Neighborhood Upgrading Program (NUP), Trinidad and Tobago


Neighborhood Upgrading Program (NUP), Trinidad and Tobago

Mismatches Financing Segregation
Policies and regulations National policies Governance Public-private initiatives
Financing Public funding Indirect opportunities Sustainable development financing
Promotion and production Favelas/Slums

Main objectives of the project

The Neighborhood Upgrading Program (NUP) in Trinidad and Tobago targets enhancing living standards and housing conditions for low and middle-income households residing in squatter settlements. Comprising three key components, the program emphasizes regularization and enhancement of squatter settlements, provision of housing grants, and strengthening institutional capacities within the Ministry of Housing and Urban Development. With criteria ensuring fair distribution and ongoing evaluation, the NUP, supported by the Inter-American Development Bank (IDB), emerges as a successful initiative addressing dire housing needs and promoting social and environmental considerations.


  • 2017: Implementation


  • Trinidad and Tobago’s Ministry of Housing and Urban Development
  • IDB


Continent: South America
Country/Region: San Fernando


Trinidad and Tobago faces a housing deficit exceeding 100,000 units, compounded by significant squatting on state land, affecting up to 19% of the population. In response, successive governments have initiated various programs aimed at formalizing informal settlements and providing occupants with secure tenure. To address the ongoing housing needs, two partnership programs with the private sector have been launched. These involve collaborations with medium and large contractors under the Housing Development Corporation (HDC), as well as the Infill Lots program, which engages small contractors to build on vacant lots within HDC-owned developments. One of the main programs, though, is the Neighborhood Upgrading Program (NUP).

The primary objective of the NUP is to enhance the living standards and housing conditions of low and middle-income households residing in squatter settlements. This is achieved through a multifaceted approach that includes infrastructure upgrades, provision of home improvement grants, and facilitation of incremental housing construction or purchase. Additionally, the program aims to foster the creation of equitable, healthy, and sustainable communities throughout Trinidad and Tobago.

The NUP comprises three key components. Firstly, it involves the regularization and enhancement of squatter settlements, focusing on infrastructure improvements and regularization of land tenure for occupants. This aspect is overseen by the Land Settlement Agency (LSA), which operates under the authority of the State Lands (Regularization of Tenure) Act of 1998 and is tasked with legalizing illegal occupation at 254 designated sites across the country. Secondly, the program offers housing grants administered by the PMCU, which provides financial assistance to eligible low-income individuals for various housing-related purposes such as home improvements, construction, or purchases. Lastly, the NUP includes efforts to strengthen sectoral and institutional capacities within the Ministry of Housing and Urban Development and its affiliated agencies. This involves activities such as acquiring necessary hardware and software, automating program reports, and engaging in regional and international forums to exchange best practices in housing and urban development.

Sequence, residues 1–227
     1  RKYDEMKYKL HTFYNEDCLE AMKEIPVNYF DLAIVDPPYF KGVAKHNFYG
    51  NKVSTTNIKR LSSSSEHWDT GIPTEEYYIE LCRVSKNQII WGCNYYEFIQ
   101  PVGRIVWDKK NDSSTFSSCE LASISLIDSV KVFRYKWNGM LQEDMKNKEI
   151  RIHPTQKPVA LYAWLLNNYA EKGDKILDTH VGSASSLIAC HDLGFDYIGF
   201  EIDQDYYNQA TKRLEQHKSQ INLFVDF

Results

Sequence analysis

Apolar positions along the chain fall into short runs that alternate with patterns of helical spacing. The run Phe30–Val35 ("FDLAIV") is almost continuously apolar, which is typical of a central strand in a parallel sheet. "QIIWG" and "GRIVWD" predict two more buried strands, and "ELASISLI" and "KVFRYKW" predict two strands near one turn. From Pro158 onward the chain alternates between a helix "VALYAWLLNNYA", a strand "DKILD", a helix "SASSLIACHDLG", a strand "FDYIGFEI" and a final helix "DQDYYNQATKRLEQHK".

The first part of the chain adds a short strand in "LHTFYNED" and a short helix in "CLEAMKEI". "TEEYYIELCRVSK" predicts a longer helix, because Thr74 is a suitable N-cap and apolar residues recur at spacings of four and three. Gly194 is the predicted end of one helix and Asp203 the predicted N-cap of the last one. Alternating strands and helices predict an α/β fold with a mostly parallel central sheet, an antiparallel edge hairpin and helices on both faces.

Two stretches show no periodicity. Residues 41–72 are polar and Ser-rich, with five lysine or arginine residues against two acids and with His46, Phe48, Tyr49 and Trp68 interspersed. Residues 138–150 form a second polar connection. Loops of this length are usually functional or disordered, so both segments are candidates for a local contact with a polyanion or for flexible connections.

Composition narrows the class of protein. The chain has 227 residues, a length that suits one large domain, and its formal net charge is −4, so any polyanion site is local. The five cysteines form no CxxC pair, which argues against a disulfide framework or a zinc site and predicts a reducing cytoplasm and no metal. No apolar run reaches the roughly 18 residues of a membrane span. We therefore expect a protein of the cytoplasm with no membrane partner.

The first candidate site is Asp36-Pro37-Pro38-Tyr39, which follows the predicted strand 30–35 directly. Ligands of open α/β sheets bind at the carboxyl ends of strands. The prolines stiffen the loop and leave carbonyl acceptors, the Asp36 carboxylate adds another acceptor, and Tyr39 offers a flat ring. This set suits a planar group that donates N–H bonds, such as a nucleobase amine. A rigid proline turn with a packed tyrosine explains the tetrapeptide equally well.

To qualify for grants, applicants must meet specific criteria including income limits, citizenship, property ownership or permission, and no prior benefit from housing grants. The program offers financial assistance for home construction or purchase, with varying amounts based on income levels and regional property values. Beneficiaries are selected through a random process and undergo verification interviews to ensure accuracy.

Though formal evaluation is ongoing, the IDB deems the NUP successful, having reached numerous families in dire housing need, often living in poverty. The program emphasizes social and environmental considerations and has demonstrated reasonable unit costs compared to similar initiatives. Replication of the program across Trinidad and Tobago is viable given established procedures and capacity. The Land Settlement Agency oversees squatter settlement regularization, while the Ministry has developed internal capabilities to administer housing subsidies independently.

Financing remains a challenge for project expansion, but the IDB expresses continued willingness to support such initiatives, having already provided three consecutive loans for housing and related projects in the country.